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SLO County removes hurdles for accessory dwelling units

Sightline Institute/Flickr
Whether you call them granny flats, in-law apartments, backyard cottages or another name, they will soon be a more common sight in SLO County.

It will soon be a lot easier for San Luis Obispo County property owners to build ADUs, or accessory dwelling units. What used to be commonly referred to as ‘mother-in-law’ units or ‘granny flats,’ these days they are particularly popular with adult children looking to move back home. Or, the units can provide extra income for homeowners. The San Luis Obispo County board of supervisors, in a unanimous vote, decreased regulations this week for ADUs.

“[The new ordinance passed Tuesday] takes all the rules away,” Supervisor Adam Hill told KCBX News Wednesday. “In the past there were minimum lot sizes, there were all sorts of things that had to be done. [Now] you can actually have one that's under 749 square feet, and it's exempt from almost all of the typical environmental rules and reviews.”

Hill said whether it’s a garage converted to a studio apartment or a one-bedroom unit built besides a main house, “we think that it allows us to allow for thousands of more units to be built in our community.”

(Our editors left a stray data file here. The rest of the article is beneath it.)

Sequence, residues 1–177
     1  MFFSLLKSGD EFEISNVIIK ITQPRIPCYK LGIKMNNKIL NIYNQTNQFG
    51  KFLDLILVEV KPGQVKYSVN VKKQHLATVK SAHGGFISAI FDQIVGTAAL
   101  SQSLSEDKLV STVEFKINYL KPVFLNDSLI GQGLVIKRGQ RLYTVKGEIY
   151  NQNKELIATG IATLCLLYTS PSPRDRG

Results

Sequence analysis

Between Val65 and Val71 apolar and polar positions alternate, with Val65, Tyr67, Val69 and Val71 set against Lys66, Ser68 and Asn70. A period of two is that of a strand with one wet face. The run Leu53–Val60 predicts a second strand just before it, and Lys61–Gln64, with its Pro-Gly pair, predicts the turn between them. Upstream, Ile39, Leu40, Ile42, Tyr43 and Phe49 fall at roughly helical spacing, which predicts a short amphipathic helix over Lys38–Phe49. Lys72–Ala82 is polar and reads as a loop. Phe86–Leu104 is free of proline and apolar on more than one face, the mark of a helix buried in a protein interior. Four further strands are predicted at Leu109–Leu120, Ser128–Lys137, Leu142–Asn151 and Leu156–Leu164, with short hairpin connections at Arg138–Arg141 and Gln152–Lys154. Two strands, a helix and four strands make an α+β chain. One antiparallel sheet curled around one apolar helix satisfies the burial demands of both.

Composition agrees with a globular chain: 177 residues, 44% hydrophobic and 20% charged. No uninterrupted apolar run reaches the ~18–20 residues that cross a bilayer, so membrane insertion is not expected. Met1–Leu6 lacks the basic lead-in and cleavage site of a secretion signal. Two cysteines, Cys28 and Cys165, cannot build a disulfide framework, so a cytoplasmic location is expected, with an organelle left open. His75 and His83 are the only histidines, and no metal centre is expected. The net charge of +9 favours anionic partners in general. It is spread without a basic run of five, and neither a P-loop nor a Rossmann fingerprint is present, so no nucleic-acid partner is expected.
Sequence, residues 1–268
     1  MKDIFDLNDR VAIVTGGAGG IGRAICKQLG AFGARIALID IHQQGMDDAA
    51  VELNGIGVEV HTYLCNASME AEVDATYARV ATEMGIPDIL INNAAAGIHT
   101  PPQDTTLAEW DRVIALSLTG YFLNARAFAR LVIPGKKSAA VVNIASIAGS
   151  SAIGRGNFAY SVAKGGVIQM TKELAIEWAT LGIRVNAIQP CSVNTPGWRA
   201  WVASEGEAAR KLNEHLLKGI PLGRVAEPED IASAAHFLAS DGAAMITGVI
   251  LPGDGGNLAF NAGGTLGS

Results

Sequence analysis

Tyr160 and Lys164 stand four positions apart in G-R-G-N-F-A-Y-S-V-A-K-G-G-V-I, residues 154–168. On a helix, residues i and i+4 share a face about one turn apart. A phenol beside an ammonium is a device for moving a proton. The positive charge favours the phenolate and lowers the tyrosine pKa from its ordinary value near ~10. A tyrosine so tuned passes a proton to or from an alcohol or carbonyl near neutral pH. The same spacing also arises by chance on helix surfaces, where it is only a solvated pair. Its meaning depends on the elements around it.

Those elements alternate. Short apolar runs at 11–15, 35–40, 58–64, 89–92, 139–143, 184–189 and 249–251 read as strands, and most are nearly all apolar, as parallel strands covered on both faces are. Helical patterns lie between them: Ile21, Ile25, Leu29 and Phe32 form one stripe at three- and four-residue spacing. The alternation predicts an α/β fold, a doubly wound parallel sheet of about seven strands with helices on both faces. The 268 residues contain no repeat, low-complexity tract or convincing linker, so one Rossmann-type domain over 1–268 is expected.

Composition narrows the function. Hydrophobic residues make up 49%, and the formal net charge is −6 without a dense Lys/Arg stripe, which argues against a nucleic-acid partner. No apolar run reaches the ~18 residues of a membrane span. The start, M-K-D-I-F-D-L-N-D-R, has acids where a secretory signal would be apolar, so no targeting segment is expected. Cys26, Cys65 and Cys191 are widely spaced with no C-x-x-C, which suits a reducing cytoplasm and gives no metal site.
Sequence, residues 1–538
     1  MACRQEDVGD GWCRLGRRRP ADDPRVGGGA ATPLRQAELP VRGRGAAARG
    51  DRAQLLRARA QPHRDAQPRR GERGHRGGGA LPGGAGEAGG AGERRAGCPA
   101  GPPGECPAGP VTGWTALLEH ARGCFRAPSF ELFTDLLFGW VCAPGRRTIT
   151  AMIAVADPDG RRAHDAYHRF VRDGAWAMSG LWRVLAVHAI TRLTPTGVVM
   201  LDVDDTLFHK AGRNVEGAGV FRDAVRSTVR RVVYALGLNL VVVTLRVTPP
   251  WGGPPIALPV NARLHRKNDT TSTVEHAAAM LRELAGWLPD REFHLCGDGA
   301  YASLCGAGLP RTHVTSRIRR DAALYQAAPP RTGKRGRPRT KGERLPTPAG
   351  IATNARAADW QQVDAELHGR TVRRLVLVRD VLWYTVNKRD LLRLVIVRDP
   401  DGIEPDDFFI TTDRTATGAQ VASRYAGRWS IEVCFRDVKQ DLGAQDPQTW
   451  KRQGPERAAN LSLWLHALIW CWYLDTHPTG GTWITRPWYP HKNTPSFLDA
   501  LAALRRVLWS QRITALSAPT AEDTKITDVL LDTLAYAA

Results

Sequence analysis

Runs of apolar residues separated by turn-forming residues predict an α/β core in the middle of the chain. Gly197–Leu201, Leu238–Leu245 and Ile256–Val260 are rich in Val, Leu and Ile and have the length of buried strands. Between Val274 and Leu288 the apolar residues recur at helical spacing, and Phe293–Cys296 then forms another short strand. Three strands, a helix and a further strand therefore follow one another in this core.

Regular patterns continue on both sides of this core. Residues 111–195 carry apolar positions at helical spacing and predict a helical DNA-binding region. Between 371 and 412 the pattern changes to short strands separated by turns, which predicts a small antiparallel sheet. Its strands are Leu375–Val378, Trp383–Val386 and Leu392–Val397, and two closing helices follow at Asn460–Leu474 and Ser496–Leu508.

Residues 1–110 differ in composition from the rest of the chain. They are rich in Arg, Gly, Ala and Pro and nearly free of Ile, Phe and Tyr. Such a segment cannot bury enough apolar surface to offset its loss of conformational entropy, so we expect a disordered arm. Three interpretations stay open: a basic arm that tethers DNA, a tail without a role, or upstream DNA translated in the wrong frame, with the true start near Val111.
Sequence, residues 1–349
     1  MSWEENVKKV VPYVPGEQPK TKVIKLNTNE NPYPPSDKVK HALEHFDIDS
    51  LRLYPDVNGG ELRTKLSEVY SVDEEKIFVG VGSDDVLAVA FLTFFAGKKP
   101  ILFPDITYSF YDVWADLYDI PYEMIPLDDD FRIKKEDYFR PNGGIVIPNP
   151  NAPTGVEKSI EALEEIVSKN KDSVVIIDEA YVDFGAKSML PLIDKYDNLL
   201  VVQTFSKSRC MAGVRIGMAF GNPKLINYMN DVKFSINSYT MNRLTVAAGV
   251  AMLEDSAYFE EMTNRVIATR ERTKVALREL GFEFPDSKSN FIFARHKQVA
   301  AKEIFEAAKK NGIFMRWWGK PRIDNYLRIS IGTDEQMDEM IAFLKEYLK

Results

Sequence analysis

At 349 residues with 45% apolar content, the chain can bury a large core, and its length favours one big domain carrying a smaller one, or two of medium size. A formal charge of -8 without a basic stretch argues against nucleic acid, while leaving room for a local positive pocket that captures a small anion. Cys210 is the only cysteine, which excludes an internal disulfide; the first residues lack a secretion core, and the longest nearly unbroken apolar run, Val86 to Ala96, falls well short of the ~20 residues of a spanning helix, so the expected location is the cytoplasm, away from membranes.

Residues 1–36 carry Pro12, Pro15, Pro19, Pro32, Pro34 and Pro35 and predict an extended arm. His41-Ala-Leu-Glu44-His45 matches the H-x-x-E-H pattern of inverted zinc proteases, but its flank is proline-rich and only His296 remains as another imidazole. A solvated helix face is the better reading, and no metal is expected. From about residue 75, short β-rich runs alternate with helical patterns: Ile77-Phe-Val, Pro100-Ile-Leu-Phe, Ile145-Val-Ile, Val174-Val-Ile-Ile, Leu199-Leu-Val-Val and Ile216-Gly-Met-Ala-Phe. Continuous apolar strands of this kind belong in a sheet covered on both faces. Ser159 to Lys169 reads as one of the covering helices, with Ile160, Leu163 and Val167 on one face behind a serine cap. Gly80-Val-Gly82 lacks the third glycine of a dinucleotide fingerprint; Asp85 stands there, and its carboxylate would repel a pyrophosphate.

Initially, the county's planning commission proposed that ADUs should not be built in areas of the county designated as "very high fire" risk zones, but that caveat was not adopted in the end. And in almost all cases, there is a limit on how big the units can be—up to 1200 square feet. But the county is going to make it as easy as possible for these types of units to be built.

“What we're going to do is work with some local architects to have already-approved plans available on our website,” Hill said. “And that way people can download and say, we can save a step and get these right to a contractor or build them ourselves.”

The new code amendments go into effect at the end of February.

Correction: an earlier version of this story stated that the adopted rules included a prohibition against building ADUs in "very high fire hazard severity zones," but county planning staff and the board struck that from the final version of the ordinance.

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